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The Tigray region of Ethiopia has a vote, opposing the federal government of Abiy | News

Ethiopia’s northern Tigray region held regional elections on Wednesday, opposing the federal government and raising political tensions in Africa’s second most popular country.

Tigray officials, holding ballots for the 190-seat regional parliament, warned that any federal government intervention would lead to a “declaration of war”.

They opposed the postponement of the national and regional elections, originally scheduled for August, due to the coronavirus pandemic and the extension of time to Prime Minister Abiy Ahmed’s position.

“The vote went smoothly, and so far 85 percent of registered voters have cast their ballots,”

; said Getachew Reda, spokesperson for the Tigray People’s Liberation Front (TPLF), which for many years the party has been alone. in the region and is expected to gain a majority, challenged by Abiy’s Prosperity Party and the new Tigray Independence Party.

Getachew said the results will be announced on September 13.

On Saturday, the Ethiopian parliamentary high council, mediating constitutional disputes, decided that votes for regional parliaments and other positions were unconstitutional.

While Abiy ruled the military intervention, there were fears that any measures would be punished by the federal government could increase tensions.

The Tigray’s opposition to the federal government is the latest challenge to Abiy’s administration, struggling to come together with a federation that has sewn 80-plus Ethiopian ethnic groups in one country.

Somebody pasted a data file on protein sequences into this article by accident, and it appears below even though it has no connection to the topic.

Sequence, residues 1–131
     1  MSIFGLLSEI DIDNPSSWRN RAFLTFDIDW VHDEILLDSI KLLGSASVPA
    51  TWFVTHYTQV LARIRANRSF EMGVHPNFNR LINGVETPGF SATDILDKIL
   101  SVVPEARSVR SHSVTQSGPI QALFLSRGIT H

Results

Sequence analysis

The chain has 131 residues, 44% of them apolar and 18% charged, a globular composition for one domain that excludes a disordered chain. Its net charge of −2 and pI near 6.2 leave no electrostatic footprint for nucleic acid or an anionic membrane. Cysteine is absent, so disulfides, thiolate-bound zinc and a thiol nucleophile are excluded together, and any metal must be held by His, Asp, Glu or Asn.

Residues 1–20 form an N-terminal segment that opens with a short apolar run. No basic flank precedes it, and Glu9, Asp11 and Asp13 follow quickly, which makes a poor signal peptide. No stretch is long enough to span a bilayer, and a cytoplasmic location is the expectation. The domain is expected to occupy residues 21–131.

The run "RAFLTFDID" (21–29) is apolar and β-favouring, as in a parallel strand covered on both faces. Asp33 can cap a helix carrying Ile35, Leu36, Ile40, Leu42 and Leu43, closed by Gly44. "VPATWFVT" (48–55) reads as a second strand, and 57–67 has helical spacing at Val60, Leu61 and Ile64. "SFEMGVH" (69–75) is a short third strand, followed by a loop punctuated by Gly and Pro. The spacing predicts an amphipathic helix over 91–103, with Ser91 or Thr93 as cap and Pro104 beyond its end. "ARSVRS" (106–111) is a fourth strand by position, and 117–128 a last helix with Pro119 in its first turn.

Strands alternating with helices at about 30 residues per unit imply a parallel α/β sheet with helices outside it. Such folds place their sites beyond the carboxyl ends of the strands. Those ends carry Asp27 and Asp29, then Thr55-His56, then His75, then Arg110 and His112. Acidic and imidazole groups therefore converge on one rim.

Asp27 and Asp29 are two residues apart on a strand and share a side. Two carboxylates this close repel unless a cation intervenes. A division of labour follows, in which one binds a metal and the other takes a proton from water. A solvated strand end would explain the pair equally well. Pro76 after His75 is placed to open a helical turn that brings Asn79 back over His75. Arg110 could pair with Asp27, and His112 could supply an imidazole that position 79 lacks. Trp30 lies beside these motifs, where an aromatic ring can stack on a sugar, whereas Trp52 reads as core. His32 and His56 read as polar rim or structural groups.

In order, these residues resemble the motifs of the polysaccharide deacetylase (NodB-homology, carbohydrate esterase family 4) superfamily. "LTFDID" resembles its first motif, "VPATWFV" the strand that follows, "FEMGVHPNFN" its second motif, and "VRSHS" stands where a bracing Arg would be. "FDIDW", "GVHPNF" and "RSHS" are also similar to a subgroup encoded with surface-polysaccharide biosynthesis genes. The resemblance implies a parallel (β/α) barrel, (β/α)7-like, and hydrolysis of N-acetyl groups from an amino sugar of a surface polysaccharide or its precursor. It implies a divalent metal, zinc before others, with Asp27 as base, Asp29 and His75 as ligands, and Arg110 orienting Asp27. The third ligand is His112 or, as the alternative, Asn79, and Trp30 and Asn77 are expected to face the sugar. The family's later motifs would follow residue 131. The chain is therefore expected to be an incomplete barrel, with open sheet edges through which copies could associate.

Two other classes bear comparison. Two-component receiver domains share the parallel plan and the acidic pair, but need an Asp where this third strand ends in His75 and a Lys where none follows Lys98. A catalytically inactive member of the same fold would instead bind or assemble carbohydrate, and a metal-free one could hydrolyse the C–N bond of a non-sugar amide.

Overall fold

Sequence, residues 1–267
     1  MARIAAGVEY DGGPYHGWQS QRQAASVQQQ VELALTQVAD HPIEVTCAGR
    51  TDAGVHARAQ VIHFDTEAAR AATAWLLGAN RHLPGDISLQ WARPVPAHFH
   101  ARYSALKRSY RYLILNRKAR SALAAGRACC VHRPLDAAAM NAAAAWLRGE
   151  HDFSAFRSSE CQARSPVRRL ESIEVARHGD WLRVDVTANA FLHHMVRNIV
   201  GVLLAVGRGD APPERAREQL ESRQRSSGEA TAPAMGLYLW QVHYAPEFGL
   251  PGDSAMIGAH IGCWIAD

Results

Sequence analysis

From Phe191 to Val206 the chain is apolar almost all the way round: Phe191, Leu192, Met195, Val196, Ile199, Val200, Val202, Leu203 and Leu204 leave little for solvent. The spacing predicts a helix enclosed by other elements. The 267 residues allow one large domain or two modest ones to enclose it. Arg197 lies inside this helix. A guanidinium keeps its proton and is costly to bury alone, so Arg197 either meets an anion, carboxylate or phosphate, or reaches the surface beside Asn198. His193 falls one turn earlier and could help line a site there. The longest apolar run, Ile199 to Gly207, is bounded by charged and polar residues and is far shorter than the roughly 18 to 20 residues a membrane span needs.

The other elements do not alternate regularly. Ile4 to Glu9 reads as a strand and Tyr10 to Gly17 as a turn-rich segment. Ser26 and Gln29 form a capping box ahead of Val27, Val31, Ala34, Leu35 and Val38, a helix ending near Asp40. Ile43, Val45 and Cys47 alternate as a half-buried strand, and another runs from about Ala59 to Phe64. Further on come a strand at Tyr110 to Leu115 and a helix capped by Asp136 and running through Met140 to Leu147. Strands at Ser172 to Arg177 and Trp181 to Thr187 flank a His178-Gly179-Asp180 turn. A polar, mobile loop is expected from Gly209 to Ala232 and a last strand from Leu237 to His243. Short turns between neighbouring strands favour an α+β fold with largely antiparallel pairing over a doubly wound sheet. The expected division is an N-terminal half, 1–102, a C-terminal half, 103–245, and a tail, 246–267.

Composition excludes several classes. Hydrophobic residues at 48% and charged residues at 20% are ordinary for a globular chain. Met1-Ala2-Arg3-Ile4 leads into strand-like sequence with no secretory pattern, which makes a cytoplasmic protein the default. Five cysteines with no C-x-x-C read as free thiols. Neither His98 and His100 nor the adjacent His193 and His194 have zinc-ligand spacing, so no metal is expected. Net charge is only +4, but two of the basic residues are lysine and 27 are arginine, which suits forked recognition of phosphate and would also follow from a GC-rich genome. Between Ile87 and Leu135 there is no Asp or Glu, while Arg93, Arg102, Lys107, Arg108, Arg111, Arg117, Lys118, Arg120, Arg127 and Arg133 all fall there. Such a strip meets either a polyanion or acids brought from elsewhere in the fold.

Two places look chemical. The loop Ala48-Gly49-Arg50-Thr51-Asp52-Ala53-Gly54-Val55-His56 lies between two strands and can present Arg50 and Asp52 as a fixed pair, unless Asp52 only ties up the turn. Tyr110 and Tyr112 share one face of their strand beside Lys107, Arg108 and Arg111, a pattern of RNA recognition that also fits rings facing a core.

Why Tigray is important

Tigray has been in control of Ethiopian politics since the region’s ruling party, the TPLF, led an armed struggle to overthrow the communist government Derg in 1991.

Leaders from the ethnic group, which makes up only 6 percent of Ethiopia’s 110 million population, have continued to dominate Ethiopian politics for nearly 30 years.

But that ended after protests against the government overthrew Abiy in power in 2018.

Some 2.7 million people in the Tigray region are expected to vote at more than 2,600 polling stations, regional election officials said.

A regional broadcaster, Tigray TV, showed voter lines on the first day of Wednesday.

Two residents of the regional capital, Mekelle, told The Associated Press that there is strict security in the city and nearby areas, that motorcycles and rickshaw vehicles are banned from the city until Tuesday night.

On Monday, Ethiopian security officials detained a dozen people, including four journalists and a senior think-tank analyst, from flying to Tigray to seize the vote.

Separately, a non-governmental organization in the AP said they were banned from observing the election “without sufficient cause”. The group, Seb Hidri, said the TPLF was behind the ban.

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